In his weekly address, President Obama pressed Republicans in Congress to justify their opposition to his $447 billion jobs bill and reiterated his plea for them to “pass this jobs bill.”
“Some Republicans in Congress have said that they agree with certain parts of this jobs bill.” Obama said. “If so, it’s time for them to tell me what those proposals are. And if they’re opposed to this jobs bill, I’d like to know what exactly they’re against. Are they against putting teachers and police officers and firefighters back on the job? Are they against hiring construction workers to rebuild our roads and bridges and schools? Are they against giving tax cuts to virtually every worker and small business in America?”
The Senate is expected to take up the bill next month and, while the president continues to urge Congress to pass the American Jobs Act in full, the White House has said Obama would accept a piecemeal approach to passing the legislation if Congress rejects the package in full.
“Economists from across the political spectrum have said that this jobs bill would boost the economy and spur hiring. Why would you be against that — especially at a time when so many Americans are struggling and out of work?” Obama asked.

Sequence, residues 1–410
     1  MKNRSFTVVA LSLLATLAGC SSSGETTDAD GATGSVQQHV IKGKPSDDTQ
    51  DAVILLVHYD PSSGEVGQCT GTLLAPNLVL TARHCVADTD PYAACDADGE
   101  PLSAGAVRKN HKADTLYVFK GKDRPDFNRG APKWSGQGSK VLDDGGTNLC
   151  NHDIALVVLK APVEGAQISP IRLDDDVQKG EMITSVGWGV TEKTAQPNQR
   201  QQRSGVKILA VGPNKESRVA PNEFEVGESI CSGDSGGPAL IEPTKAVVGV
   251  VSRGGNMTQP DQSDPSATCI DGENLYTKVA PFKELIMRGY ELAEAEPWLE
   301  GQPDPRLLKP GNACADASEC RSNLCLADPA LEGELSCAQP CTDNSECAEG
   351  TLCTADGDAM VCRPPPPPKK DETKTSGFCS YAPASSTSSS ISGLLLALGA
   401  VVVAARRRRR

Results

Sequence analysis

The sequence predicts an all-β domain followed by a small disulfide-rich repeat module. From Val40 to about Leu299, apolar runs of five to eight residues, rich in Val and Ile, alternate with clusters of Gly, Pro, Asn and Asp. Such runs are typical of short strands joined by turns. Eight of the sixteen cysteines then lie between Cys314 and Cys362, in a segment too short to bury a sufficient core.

But, the president argued that this “isn’t just about what I think is right. It’s not just about what a group of economists think is right,” it’s about what Americans want and need.
To make his case, Obama highlighted letters he has received from Americans struggling in this economy, including a small business owner, a young woman eager to go to college and a mom who worries about driving her children across a decaying bridge on their daily ride to school.
“These are the people who need a win, and I will be fighting for this jobs bill every day on their behalf,” he said. “It is time for the politics to end. Let’s pass this jobs bill.”